Union members at Samsung Electronics

Samsung Electronics Workers Stage Historic Walkout

Seoul, June 7, 2024 – For the first time in its 55-year history, workers at Samsung Electronics in South Korea have gone on strike. The Nationwide Samsung Electronics Union (NSEU) announced that many of its 28,000 members participated in the one-day walkout on Friday, marking a significant moment for the tech giant.

The union, which represents nearly a quarter of Samsung’s workforce in South Korea, called for the strike after failed negotiations over pay and bonuses. The walkout coincided with a long weekend, as Friday fell between a public holiday on Thursday and the weekend.

Son Woomok, a union leader, told CNN that numerous employees utilized their annual leave for the strike. “Many employees used their annual leave today,” he said, noting that at one site, “all workers had taken leave so replacement personnel were deployed.” Specific details on participation were not provided.

Son mentioned that many NSEU members are part of Samsung’s flagship semiconductor unit, which is striving to regain its leading position in the semiconductor market. According to Reuters, Samsung has been trailing behind competitors like SK Hynix and Micron Technology in AI processor chip production.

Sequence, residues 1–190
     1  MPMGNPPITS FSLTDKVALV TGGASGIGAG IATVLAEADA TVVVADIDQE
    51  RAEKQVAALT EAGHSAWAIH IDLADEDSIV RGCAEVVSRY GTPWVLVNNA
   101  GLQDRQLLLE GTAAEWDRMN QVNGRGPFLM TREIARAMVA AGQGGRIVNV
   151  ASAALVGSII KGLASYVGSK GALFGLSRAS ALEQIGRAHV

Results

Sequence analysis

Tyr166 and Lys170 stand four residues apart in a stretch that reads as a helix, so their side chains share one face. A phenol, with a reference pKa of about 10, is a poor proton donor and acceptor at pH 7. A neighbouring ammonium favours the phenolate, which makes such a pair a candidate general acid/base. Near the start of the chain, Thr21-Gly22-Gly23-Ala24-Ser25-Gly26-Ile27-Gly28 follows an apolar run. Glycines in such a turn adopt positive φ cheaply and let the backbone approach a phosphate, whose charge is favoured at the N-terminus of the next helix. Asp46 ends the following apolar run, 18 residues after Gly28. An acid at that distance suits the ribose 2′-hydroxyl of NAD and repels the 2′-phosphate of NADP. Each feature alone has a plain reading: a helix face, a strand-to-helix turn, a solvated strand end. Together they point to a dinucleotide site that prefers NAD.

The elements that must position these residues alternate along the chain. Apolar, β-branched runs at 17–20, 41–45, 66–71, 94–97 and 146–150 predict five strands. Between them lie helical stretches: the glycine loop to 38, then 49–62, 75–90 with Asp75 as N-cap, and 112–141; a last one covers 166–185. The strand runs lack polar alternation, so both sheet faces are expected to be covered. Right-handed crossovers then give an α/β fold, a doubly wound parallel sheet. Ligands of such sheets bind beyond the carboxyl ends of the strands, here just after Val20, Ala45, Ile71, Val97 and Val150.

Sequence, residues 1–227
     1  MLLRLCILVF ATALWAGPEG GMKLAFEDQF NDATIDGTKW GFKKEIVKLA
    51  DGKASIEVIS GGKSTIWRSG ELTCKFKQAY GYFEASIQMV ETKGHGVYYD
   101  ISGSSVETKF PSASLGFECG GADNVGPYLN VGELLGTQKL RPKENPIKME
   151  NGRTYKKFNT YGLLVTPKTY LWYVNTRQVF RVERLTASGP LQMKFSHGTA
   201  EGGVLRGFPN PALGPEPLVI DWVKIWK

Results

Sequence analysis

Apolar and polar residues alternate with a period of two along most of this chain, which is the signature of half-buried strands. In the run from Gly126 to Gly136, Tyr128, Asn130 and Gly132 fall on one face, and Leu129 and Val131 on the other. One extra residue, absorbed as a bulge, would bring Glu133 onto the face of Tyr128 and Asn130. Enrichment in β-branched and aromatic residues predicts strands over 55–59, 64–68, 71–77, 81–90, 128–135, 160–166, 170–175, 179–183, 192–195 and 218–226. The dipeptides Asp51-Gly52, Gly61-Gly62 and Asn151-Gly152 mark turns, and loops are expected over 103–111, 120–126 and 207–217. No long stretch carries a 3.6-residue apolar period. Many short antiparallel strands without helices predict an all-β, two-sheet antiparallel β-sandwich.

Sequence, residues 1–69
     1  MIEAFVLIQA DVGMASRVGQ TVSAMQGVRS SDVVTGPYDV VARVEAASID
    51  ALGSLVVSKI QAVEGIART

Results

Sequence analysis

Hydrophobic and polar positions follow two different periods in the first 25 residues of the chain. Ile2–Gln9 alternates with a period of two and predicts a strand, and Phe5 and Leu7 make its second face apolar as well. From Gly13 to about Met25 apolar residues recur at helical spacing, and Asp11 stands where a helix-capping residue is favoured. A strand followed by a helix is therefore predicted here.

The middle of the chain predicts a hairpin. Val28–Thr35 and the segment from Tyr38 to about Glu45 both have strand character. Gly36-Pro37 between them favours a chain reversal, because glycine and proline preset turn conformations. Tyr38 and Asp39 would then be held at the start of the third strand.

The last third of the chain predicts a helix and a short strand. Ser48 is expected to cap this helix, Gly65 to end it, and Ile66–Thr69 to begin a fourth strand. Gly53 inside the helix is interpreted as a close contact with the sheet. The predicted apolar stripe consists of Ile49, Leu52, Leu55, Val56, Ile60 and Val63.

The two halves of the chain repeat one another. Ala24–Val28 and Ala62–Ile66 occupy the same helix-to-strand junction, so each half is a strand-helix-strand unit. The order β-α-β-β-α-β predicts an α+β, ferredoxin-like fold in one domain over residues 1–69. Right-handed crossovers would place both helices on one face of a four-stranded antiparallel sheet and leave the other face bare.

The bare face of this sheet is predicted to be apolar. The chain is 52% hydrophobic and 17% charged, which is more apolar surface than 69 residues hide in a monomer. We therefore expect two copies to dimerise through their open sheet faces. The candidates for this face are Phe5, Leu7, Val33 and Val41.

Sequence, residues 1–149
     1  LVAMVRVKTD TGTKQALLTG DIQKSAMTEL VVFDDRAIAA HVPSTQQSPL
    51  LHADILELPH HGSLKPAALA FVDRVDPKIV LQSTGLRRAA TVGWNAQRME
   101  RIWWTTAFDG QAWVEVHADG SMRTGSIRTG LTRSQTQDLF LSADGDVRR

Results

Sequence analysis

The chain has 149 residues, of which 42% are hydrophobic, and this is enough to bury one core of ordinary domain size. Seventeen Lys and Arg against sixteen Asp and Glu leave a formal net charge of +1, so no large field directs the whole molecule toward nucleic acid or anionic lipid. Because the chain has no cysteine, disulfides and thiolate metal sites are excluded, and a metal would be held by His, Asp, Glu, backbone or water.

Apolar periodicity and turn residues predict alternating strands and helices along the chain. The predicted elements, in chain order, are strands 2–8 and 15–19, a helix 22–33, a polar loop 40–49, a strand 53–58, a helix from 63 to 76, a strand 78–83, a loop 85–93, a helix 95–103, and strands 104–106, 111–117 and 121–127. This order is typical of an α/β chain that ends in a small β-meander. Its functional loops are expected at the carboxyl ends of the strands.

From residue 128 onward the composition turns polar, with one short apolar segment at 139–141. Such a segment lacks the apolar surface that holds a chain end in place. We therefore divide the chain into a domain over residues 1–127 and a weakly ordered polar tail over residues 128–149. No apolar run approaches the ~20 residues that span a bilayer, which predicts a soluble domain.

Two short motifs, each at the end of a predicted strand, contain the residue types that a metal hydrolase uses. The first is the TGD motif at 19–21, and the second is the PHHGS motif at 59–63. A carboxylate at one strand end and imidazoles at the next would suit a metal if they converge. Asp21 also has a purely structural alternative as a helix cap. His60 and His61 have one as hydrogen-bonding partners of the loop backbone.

A Samsung spokesperson stated that the strike had no impact on production or management activities. “Today’s annual leave use rate is lower than last year’s Memorial Day holiday’s annual leave use rate,” the spokesperson added.

Samsung, the world’s largest memory chipmaker, has faced several challenging years. A significant shortage of computer chips during the Covid-19 pandemic was followed by a drop in demand as economic uncertainty dampened consumer appetite for electronics.

However, the company is optimistic about a rebound due to the surge in AI technology. Samsung anticipates increased demand for mobile devices and AI-powered smartphones this year. Last month, the company reported a more than tenfold increase in first-quarter operating profit, driven by high demand for AI and high-end chips, competing with industry leaders such as Intel and Taiwan’s TSMC.

South Korea and Taiwan dominate the global advanced microchip market, with South Korea striving to challenge Taiwan’s larger industry.

The unprecedented strike at Samsung Electronics signals a significant shift in labor relations at one of the world’s leading technology companies, as workers seek to assert their rights and improve their working conditions.

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